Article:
Should 15% be enough to pass GCSE maths? Watch

Notnek
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The grade boundaries have been released for the November 2018 GCSE exams. For Edexcel maths, the higher paper required 37/240 ≈ 15% for a grade 4 which is a "standard pass":



Does anyone think this is a problem? The exam is very hard and 50% of the questions target grades 7-9 so it makes sense that the boundaries are very low, but does achieving an average of around 12/80 in each paper demonstrate enough ability to warrant a pass? You could have a student who is only good at geometry for example and they manage to pick up 12 marks in geometry questions but leave the rest of the paper blank. I doubt many teachers have ever given a "pass" to a student who only gets 12/80 in one of their tests! Does 15% in a hard exam demonstrate a to an employer that an applicant is competent with maths?

If you do think it's a problem, how can this problem be fixed? Should grades 3/4 be removed from the higher paper?
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TheNamesBond.
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The main reason they’re that low is because the majority of the nation is poor at Math, hence the extremely low grade boundaries.
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CoolCavy
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I don't know if it's changed (think it has with these new 1-9 things ) but when I did it the start of the paper would start at like an E level and it would get incrementally harder until the last few questions were A* level. That meant that people who got a C could complete up to the C level questions in the paper and peppeo who were A* level would complete the whole thing. This seems a sensible approach to me. My level was an A but I still attempted the A* questions as I had nothing to lose by doing them. Came out with an A
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MinaBee
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Haven't the grade boundaries for maths always been that low?
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Notnek
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(Original post by CoolCavy)
I don't know if it's changed (think it has with these new 1-9 things ) but when I did it the start of the paper would start at like an E level and it would get incrementally harder until the last few questions were A* level. That meant that people who got a C could complete up to the C level questions in the paper and peppeo who were A* level would complete the whole thing. This seems a sensible approach to me. My level was an A but I still attempted the A* questions as I had nothing to lose by doing them. Came out with an A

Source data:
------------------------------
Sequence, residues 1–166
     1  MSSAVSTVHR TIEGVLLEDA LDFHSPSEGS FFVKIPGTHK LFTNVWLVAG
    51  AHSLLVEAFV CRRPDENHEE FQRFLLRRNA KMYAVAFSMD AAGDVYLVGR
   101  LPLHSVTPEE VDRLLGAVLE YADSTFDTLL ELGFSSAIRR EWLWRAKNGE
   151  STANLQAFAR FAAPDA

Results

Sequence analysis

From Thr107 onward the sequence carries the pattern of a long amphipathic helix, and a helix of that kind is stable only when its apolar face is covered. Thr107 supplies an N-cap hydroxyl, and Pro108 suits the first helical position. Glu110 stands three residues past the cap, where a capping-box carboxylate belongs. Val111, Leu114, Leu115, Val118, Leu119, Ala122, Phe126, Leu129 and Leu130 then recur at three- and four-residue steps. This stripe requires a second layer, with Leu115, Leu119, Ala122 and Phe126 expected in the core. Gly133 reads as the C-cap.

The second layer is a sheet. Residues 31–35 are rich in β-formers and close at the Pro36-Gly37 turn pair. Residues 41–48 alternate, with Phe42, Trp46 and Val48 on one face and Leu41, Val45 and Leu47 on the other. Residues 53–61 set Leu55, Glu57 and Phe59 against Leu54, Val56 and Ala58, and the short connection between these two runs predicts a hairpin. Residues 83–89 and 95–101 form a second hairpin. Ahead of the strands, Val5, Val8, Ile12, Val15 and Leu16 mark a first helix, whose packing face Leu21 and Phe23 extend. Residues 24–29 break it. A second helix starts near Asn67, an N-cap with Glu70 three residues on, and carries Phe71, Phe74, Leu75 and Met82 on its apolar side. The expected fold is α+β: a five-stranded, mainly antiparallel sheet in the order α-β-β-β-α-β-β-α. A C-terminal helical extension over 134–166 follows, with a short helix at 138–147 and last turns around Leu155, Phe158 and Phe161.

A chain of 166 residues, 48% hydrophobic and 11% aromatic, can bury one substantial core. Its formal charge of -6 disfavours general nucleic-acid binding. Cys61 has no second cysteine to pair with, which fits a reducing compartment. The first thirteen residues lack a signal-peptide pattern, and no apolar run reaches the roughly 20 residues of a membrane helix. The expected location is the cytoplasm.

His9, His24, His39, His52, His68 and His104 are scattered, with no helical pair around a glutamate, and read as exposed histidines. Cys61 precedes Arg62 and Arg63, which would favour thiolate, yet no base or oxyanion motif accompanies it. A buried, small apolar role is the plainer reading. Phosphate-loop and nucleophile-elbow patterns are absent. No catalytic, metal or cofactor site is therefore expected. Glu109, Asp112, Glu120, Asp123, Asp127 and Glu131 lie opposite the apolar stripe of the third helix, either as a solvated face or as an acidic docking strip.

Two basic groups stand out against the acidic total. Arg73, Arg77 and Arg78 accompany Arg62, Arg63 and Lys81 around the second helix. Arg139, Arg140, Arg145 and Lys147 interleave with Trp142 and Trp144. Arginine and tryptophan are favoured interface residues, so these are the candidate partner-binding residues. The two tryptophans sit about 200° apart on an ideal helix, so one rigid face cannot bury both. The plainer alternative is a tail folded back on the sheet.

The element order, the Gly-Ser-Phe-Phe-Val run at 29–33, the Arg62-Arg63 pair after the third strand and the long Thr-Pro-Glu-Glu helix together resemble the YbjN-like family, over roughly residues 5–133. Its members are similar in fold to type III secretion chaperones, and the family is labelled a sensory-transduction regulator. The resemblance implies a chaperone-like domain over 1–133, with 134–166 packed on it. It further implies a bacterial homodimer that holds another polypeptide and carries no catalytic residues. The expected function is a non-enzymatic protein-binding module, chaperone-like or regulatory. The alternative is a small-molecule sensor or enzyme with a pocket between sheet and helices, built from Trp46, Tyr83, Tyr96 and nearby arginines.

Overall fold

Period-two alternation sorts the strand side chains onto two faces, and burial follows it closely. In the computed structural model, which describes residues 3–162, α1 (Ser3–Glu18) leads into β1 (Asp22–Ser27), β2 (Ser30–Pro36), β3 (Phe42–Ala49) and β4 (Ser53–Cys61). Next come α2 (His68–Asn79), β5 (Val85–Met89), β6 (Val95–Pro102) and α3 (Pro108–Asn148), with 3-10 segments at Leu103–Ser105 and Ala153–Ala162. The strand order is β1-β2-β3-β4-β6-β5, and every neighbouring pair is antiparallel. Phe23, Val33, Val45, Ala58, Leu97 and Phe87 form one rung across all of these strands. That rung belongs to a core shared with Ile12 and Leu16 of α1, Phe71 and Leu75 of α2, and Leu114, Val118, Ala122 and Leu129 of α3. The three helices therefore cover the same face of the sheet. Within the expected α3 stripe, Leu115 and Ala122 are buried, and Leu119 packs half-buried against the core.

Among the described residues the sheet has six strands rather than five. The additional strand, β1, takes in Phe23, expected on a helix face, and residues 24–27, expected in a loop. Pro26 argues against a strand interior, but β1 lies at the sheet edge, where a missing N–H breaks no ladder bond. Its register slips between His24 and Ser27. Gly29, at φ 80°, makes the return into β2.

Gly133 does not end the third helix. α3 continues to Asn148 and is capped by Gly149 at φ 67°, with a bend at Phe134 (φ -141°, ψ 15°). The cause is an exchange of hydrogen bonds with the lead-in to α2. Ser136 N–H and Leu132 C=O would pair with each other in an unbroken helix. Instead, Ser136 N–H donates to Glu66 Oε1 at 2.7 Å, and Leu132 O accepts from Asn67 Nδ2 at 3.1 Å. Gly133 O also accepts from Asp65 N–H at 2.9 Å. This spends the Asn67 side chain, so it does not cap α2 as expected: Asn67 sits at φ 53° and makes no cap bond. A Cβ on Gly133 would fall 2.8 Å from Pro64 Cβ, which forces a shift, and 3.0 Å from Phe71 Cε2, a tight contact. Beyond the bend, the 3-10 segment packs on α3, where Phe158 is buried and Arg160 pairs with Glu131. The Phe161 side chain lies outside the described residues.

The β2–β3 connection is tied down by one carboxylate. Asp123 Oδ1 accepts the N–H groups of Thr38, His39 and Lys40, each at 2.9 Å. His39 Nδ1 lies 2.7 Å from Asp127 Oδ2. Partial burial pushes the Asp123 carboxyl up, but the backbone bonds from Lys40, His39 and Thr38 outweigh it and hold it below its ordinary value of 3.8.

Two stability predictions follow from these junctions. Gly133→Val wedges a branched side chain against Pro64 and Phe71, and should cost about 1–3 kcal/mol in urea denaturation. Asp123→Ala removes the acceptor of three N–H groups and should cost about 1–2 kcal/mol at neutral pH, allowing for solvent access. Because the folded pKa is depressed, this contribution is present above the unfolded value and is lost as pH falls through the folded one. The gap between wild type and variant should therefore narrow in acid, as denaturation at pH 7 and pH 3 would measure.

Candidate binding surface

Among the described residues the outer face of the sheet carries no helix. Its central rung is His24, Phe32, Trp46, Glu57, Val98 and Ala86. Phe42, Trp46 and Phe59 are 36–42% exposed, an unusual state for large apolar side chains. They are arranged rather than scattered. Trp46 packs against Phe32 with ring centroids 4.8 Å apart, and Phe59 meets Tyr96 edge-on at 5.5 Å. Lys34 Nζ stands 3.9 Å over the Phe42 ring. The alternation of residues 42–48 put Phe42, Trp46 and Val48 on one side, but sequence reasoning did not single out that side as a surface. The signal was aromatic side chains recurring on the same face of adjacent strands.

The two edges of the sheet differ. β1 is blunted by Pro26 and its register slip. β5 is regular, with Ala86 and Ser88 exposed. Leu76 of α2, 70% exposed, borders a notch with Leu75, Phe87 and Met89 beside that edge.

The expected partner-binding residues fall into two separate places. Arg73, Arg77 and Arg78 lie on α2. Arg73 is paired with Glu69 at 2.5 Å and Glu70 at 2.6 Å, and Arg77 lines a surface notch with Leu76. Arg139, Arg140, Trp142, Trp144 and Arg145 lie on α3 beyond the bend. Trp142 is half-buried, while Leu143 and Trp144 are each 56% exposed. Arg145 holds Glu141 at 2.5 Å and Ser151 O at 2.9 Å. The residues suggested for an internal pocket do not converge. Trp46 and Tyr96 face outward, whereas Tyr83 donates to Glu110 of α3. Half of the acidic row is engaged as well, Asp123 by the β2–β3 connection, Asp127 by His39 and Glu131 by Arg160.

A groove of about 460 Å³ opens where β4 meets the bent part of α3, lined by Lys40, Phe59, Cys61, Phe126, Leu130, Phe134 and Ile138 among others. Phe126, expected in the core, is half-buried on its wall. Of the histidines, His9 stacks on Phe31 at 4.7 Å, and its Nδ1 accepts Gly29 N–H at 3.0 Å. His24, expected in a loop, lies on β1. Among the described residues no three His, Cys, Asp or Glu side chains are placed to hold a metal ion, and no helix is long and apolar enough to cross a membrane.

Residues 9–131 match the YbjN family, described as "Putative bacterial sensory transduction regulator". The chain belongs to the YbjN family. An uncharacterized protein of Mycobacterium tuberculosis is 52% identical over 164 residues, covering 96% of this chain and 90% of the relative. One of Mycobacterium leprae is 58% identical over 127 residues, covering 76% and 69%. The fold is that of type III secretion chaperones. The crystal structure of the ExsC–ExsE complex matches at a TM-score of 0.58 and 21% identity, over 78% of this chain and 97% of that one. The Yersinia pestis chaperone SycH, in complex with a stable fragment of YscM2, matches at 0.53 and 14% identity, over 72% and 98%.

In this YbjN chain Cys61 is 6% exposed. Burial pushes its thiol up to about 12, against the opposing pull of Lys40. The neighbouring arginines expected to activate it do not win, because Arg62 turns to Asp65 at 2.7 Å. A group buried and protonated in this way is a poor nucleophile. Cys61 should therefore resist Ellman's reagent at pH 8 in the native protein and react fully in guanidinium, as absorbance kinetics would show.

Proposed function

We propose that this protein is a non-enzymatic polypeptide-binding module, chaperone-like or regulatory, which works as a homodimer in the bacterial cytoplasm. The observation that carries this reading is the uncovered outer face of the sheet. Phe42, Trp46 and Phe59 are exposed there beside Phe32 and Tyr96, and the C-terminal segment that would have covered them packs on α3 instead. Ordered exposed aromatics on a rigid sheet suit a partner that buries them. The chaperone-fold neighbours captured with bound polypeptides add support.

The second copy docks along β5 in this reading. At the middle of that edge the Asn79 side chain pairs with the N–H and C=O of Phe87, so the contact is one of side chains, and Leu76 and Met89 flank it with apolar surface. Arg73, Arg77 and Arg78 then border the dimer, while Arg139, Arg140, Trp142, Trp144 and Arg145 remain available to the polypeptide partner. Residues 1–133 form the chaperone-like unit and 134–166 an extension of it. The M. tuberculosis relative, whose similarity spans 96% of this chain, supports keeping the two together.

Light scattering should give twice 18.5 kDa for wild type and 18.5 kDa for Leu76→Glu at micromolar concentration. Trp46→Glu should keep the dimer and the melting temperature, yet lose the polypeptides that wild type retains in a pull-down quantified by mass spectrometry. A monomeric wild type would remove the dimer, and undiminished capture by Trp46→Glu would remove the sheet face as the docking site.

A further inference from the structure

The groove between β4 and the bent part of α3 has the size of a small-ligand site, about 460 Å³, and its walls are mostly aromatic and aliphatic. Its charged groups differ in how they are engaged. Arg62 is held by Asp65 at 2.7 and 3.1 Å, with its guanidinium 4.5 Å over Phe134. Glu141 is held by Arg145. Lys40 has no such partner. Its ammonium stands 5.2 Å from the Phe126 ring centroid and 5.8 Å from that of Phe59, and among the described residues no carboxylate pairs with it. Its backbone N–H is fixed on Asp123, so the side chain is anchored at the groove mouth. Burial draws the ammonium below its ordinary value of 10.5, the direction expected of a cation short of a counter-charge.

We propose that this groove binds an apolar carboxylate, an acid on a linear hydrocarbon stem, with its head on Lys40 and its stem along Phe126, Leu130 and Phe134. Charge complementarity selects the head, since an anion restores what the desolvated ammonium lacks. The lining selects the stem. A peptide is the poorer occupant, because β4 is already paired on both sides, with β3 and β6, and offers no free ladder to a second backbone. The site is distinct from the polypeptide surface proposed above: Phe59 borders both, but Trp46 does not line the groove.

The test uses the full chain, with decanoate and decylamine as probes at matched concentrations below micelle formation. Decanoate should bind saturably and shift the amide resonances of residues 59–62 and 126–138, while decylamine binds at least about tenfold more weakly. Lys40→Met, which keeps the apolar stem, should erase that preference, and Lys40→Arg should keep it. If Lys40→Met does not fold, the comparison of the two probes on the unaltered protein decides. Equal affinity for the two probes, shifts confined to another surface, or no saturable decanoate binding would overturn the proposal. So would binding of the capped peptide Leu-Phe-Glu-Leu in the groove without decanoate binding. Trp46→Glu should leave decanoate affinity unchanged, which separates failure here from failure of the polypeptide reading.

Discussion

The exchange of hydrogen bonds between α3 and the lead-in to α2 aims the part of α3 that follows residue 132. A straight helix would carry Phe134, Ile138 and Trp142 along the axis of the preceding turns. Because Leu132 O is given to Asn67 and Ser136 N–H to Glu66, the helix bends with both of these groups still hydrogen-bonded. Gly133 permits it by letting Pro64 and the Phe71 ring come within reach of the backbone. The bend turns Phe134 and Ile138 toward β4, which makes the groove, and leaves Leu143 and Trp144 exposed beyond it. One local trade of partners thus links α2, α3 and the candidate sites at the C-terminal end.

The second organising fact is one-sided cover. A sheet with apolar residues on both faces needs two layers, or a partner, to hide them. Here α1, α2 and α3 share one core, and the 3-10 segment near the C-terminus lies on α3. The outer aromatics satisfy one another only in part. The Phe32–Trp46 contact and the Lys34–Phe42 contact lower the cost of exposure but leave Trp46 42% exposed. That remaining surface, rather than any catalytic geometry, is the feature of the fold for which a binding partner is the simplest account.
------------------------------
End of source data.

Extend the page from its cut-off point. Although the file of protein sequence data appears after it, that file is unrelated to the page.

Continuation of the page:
The exam is now harder and you can get grade 7/8 questions near the beginning of the paper. The grade 9 questions tend to be near the end but there is no progression like there used to be. This is why it doesn’t make sense to me for a grade 4 student to do this paper but schools are going to see the low boundaries and decide to enter a grade 4 student into the higher paper instead of foundation.
(Original post by MinaBee)
Haven't the grade boundaries for maths always been that low?
No, for example in 2016 the C boundary for the higher paper was 35%. A 4 and a C are both considered a pass.
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CoolCavy
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(Original post by Notnek)
The exam is now harder and you can get grade 7/8 questions near the beginning of the paper. The grade 9 questions tend to be near the end but there is no progression like there used to be. This is why it doesn’t make sense to me for a grade 4 student to do this paper but schools are going to see the low boundaries and decide to enter a grade 4 student into the higher paper instead of foundation.

No, for example in 2016 the C boundary for the higher paper was 35%. A 4 and a C are both considered a pass.
That doesn't seem very logical or fair :nope: if people of all abilities are taking a paper (which it is as it's a general certificate of education) then the paper should reflect this. The old way of doing it was much better
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Notnek
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(Original post by CoolCavy)
That doesn't seem very logical or fair :nope: if people of all abilities are taking a paper (which it is as it's a general certificate of education) then the paper should reflect this. The old way of doing it was much better
That’s why there is a foundation paper designed for lower abilities but often students aren’t entered for it when they should be. I think I’d prefer three different exams to cater for all abilities e.g.

Foundation : Grades 1-5
Intermediate : Grades 3-7
Higher : Grades 5-9

A student not reaching the minimum grade would receive a U and have to retake. This would encourage more schools to enter students for the correct paper.
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CoolCavy
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(Original post by Notnek)